News World ‘It was never meant to happen here’: Why my heart is breaking for my hometown
Updated:

‘It was never meant to happen here’: Why my heart is breaking for my hometown

Mike Bruce perspective on the mosque attacks
A floral memorial at Christchurch's Botanic Gardens, in Hagley Park. Photo: AAP
Share
Twitter Facebook Reddit Pinterest Email

A benign city, where nothing much seemed to happen, a place of harmony  where the rhythm is measured in rugby matches, and where collective grief was unknown.

That’s roughly how I’d described my hometown of Christchurch after returning there a few days after the 2011 earthquake that claimed almost 200 victims and shattered the lives and nerves of many thousand more.

I’d gone back to check on family and friends, and offer what help I could. It felt, though, like returning to a foreign country. The side of town where I grew up was broken and flattened, hulking military vehicles plied the streets as if in a war zone, usually laid-back locals were on edge and in shock. And the city was bathed in an uncharacteristic miasma of grief.

And over and over, bewildered Kiwis all shook their heads saying the same thing: “But, it was never meant to happen here.” And it wasn’t. Wellington was where the big one was always “going to hit”.

Eight years later, almost to the day, Christchurch finds itself repeating that same thing.

Never. Meant. To. Happen. Here.

This ‘benign’ place of peace and harmony was thrust into the global spotlight for the most grotesque of reasons – a mass slaughter in a place of worship, so horrific it defies belief or comprehension.

In Christchurch.

Today, as they were in 2011, people are bewildered and grieving.

But in 2019, there is one difference.

An earthquake is an act of God. You can, to some extent, make sense of it, accept it with a sense of fatalism and acknowledging of nature’s indiscriminate fury.

The massacre of innocents by a human boiling with hate and evil in this modest little city perched on the edge of the world, you cannot accept that, nor make any sense of it.

It cannot be explained away as fate or destiny or incidental. It is deliberate, calculated and fuelled by the ugliest of human impulses.

So, this time around, people aren’t just bewildered and grieving – they’re angry, too. And it all came at a time when, after years of aftershocks and uncertainty, it felt like the city was finally getting its spirit and vibe back.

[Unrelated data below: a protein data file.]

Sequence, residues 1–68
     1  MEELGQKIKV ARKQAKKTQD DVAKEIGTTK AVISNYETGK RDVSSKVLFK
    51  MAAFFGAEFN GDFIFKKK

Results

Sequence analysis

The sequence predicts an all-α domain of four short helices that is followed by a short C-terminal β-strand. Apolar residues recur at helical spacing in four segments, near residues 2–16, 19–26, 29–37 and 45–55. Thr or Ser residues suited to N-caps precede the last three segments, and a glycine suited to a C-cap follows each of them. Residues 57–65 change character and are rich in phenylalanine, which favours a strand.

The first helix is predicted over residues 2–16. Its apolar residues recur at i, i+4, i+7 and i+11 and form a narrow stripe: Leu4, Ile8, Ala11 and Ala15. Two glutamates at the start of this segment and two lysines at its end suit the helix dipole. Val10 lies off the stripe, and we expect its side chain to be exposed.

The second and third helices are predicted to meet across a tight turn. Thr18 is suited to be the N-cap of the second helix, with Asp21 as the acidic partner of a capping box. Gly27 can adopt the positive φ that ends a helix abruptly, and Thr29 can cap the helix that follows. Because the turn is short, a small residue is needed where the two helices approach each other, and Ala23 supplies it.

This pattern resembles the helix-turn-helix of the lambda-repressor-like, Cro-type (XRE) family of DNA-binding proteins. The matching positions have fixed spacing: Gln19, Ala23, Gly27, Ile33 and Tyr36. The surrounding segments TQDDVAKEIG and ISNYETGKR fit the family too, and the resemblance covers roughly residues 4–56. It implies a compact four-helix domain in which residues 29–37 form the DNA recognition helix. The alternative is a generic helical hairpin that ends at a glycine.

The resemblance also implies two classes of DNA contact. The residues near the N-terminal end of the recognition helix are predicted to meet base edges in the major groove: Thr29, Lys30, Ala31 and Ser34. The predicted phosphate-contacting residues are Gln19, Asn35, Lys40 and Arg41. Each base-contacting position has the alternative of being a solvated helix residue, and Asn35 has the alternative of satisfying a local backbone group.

mosque attacks aftermath
The mosque attack has unleashed an unprecedented grief in Christchurch. Photo: AAP

Friends and family can say little, except to ask why? Why in our inconspicuous little city, neither an epicentre of the Muslim faith, nor a hotbed of nationalist extremism?

But, as others have speculated, perhaps Christchurch was singled out for that very reason – to prove that random violence against religion and race, can strike, literally, anywhere, in benign places of little note.

It is not confined to large melting pots like Boston or New York, to Paris or Madrid. It can also happen in provincial cities far from the madding world and can have – as we’ve witnessed – an arguably bigger impact in a smaller community.

Certainly, much of the world seems to be scratching its head that an attack of this magnitude and evil could happen in a place as inconspicuous and far-flung as Christchurch.

Like all Kiwis, I am heartbroken for the victims and their loved ones, I am heartbroken that such hatred could reside in my country – in my hometown. I am heartbroken, too, that this happy, peaceful little city will forever be tainted by the stamp of this attack. Because that is not Christchurch.

Christchurch earthquake
Some of the destruction after the February 2011 earthquake. Photo: Getty

As a good friend at home pointed out, the aftermath of the earthquake felt real and visceral. The rubble was all around us, the landmarks of our childhood all bent and buckled, piles of sand thrust up from the earth. As awful as it was, it was somehow all more comprehensible. And people could help in tangible ways, by cleaning up, shovelling sand or making meals for those affected.

The mosque attack is different and has hit the city with such force, unleashing a community-wide grief unlike any other. Numb is the word that keeps coming up.

The attack, some say, feels invisible and surreal, leaving locals struggling to know how they can possibly help, how to heal the wounds. Because the fight against hate and prejudice is a slow burn, a journey of a thousand miles.

But if anywhere can take that journey with patience and compassion, I reckon a city that’s lived through five years of earthquakes probably can.

Comments
View Comments